HOW WE WORK: INTERLINKED AND WITH STRONG PARTNERS
TO MEET GLOBAL GOALS AND ADDRESS INDIVIDUAL ISSUES, WE FOCUS ON FORWARD PLANNING, RAPID RESPONSES IN CRISIS SITUATIONS AND EFFICIENT COOPERATION. THE FOLLOWING EXAMPLES ILLUSTRATE PRECISELY WHAT THAT MEANS IN PRACTICE, HOW WE ARE LEARNING FROM EXPERIENCE AND WHAT CHALLENGES WE FACE.
1. EFFECTIVELY INTERLINKED: SHORT-TERM ASSISTANCE AND LONG-TERM APPROACHES
Prolonged and recurrent crises are increasing in number and scale worldwide. More and more of the countries in which GIZ operates are now affected directly by crises and are classified as ‘fragile states’. This poses enormous challenges for humanitarian aid actors, such as those in the field of long-term development cooperation. Only by working hand in hand can we reduce the need for humanitarian assistance, safeguard the development progress made so far and pave the way for sustainable development.
This calls for even greater efforts to interlink the often separate approaches to humanitarian and development support used so far. One option is to assist local actors in a way that enables them to better manage both acute shocks and prolonged crises.
EXAMPLE FROM NORTHERN IRAQ: STRUCTURE-BUILDING IN A FRAGILE CONTEXT
One example of such an approach is the Qudra Project, which aims to strengthen resilience in countries bordering on Syria that have taken in refugees in the wake of the crisis there. Financed by BMZ and the EU, it is being implemented by GIZ in Iraq, Jordan, Lebanon and Turkey.
The Kurdistan region in northern Iraq alone has provided refuge for around 1,200,000 internally displaced persons and about 240,000 Syrian refugees. There, GIZ’s experts teach local government institutions how to plan, coordinate and realise small-scale projects that take people’s needs into account and involve them in the process.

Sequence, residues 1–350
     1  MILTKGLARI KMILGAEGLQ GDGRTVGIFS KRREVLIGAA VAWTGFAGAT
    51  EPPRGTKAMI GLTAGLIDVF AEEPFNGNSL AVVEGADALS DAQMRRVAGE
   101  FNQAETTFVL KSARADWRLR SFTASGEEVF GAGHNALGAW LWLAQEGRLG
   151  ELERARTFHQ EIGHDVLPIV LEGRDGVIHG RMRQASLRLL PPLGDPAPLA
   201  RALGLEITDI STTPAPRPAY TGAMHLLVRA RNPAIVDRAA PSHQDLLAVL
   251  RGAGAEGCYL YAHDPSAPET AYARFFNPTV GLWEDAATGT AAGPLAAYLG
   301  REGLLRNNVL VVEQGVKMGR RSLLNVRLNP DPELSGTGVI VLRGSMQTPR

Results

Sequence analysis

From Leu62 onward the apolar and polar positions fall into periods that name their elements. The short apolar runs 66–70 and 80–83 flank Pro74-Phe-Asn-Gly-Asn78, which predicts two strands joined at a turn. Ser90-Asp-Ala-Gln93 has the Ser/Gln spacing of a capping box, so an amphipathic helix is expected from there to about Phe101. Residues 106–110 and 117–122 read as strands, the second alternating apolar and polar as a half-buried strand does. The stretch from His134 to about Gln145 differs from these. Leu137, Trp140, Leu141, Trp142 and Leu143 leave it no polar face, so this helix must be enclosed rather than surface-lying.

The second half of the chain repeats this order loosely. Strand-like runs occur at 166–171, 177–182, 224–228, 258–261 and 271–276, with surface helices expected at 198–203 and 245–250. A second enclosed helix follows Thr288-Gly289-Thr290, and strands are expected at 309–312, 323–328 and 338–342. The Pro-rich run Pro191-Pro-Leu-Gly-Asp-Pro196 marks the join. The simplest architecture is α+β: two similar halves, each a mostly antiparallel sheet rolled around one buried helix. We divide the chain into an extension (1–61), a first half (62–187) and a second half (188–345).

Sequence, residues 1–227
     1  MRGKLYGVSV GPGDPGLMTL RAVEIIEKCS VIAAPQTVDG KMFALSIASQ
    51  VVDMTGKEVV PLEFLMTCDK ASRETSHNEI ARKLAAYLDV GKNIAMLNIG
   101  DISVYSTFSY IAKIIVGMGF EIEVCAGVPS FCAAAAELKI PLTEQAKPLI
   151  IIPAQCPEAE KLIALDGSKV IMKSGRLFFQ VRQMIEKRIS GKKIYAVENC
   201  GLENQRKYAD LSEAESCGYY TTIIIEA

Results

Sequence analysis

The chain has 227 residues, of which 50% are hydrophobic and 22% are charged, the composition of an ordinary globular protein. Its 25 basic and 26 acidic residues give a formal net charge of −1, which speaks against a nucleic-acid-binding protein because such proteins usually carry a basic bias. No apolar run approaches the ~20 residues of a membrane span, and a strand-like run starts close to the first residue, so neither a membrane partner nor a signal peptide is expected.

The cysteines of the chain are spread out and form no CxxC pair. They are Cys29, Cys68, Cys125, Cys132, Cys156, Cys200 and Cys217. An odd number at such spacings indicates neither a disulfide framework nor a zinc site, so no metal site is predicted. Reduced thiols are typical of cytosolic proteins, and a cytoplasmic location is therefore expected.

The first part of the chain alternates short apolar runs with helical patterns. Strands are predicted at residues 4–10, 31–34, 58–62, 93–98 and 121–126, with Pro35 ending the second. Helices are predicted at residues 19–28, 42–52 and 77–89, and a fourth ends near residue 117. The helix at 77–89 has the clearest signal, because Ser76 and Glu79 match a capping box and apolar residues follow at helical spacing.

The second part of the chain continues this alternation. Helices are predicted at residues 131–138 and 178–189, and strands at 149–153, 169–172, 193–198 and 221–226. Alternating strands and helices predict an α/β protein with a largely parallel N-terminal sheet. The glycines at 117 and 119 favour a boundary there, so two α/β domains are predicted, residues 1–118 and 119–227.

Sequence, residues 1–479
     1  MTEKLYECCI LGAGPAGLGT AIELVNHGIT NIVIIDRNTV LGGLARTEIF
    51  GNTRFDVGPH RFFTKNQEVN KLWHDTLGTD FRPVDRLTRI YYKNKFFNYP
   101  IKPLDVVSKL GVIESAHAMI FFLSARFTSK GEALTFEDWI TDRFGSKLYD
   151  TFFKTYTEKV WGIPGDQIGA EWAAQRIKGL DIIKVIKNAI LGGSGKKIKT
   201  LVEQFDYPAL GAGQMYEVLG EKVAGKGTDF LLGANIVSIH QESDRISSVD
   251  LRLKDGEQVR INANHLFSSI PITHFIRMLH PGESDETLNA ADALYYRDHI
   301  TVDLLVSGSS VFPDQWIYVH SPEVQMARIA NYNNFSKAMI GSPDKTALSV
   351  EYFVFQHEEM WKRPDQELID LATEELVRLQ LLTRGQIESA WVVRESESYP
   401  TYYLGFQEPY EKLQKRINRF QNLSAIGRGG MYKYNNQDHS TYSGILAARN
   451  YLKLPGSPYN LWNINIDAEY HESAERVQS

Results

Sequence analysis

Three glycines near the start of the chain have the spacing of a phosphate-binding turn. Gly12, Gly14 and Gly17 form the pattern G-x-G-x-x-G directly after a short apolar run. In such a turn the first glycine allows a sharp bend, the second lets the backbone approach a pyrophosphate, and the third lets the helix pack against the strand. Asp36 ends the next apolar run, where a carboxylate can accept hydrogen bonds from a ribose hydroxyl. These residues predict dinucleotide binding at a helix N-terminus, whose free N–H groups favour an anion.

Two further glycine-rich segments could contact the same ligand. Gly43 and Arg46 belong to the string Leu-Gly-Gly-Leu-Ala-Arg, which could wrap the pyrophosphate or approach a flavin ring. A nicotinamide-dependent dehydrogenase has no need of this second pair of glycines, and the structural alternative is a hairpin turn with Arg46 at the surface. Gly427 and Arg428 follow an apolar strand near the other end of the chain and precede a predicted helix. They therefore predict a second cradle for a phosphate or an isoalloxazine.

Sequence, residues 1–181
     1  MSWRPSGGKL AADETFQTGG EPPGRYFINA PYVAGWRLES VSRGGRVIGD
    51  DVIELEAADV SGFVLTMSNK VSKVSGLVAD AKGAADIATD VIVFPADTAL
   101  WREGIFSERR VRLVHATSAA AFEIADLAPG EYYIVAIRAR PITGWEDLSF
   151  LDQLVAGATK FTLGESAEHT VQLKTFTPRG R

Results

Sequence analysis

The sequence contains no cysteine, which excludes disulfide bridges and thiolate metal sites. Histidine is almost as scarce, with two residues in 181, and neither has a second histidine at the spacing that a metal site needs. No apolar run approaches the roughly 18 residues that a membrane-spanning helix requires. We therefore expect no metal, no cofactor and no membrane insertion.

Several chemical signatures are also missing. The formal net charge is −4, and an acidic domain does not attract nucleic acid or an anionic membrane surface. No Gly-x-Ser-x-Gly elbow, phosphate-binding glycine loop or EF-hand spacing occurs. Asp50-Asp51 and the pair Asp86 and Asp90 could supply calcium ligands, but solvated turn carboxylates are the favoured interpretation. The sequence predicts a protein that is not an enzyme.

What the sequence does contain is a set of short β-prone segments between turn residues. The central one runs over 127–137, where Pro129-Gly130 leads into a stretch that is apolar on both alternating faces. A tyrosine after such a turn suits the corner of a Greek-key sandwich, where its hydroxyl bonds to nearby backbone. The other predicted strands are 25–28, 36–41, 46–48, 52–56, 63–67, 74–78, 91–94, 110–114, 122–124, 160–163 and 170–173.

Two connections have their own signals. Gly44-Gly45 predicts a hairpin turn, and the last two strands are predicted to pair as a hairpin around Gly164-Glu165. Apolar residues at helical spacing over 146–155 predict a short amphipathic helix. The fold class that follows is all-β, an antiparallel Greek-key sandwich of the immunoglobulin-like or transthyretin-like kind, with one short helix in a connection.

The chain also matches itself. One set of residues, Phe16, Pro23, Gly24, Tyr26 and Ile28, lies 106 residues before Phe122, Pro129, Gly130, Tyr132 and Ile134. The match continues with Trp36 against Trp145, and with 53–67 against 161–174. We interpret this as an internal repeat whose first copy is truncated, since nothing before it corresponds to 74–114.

This creates effective structures that are better able to withstand recurrent crises. Rapidly implemented measures also provide the local and displaced population with basic services, significantly improve their lives and thus strengthen confidence in government structures. By the end of 2017, the project had reached more than 33,000 people through activities such as enabling access to a better electricity supply, renovating an educational facility for children with disabilities and modernising a children’s intensive care unit that provides care for around 1,000 children per year.
2. PRIVATE SECTOR PARTNERS: FORGING STRATEGIC ALLIANCES
In the face of the current global challenges, partnerships between governments, civil society, the private sector and the academic and research community are now more crucial than ever. We, too, are increasingly entering into a broad range of partnerships as we seek to learn with and from our partners in order to address the current challenges as best we can.
Commissioned by BMZ, the develoPPP.de programme implements development partnerships with the private sector in developing countries and emerging economies with a view to minimising risks and doubling opportunities. The programme aligns commercial goals and development policy objectives. Each partner assumes different tasks, contributing and combining their own strengths. They share responsibility, costs and risks. Strategic alliances are particularly far-reaching development partnerships. They unite different actors from trade and industry, government and non-governmental organisations and other national and international organisations across the globe.
EXAMPLE FROM MADAGASCAR: COVERING MORE REGIONS AND THEMATIC AREAS
The joint goals of our strategic partnership in Madagascar are to improve living conditions for some 10,000 smallholder vanilla producers and their families and also to improve the quality of vanilla for the processing companies.
Financed by BMZ, the development partnership has grown considerably over the years. GIZ’s first partner was Symrise, a supplier of flavourings and fragrances, in 2010; in 2013, the food corporation Unilever came on board; and in 2016, they were joined by the children’s rights organisation Save the Children.
The range of thematic areas covered has also increased and now includes training on good vanilla farming practices, the mitigation of financial risks for the lean season, better health care and sound basic education. In addition, the number of agricultural colleges has increased from three to five, and the network of small farmer field schools that provide extension services to smallholder producers has also expanded beyond the original project region, with the partnership now operating in 70 communities in north-eastern Madagascar. Save the Children is supplementing activities with a view to strengthening households and supporting children and young people particularly at risk of falling into poverty. Within the space of a year, for example, more than 4,000 households received medical insurance designed especially to meet their needs.
Further examples of how we work with private businesses and foundations can be found in this report and at:www.giz.de/companies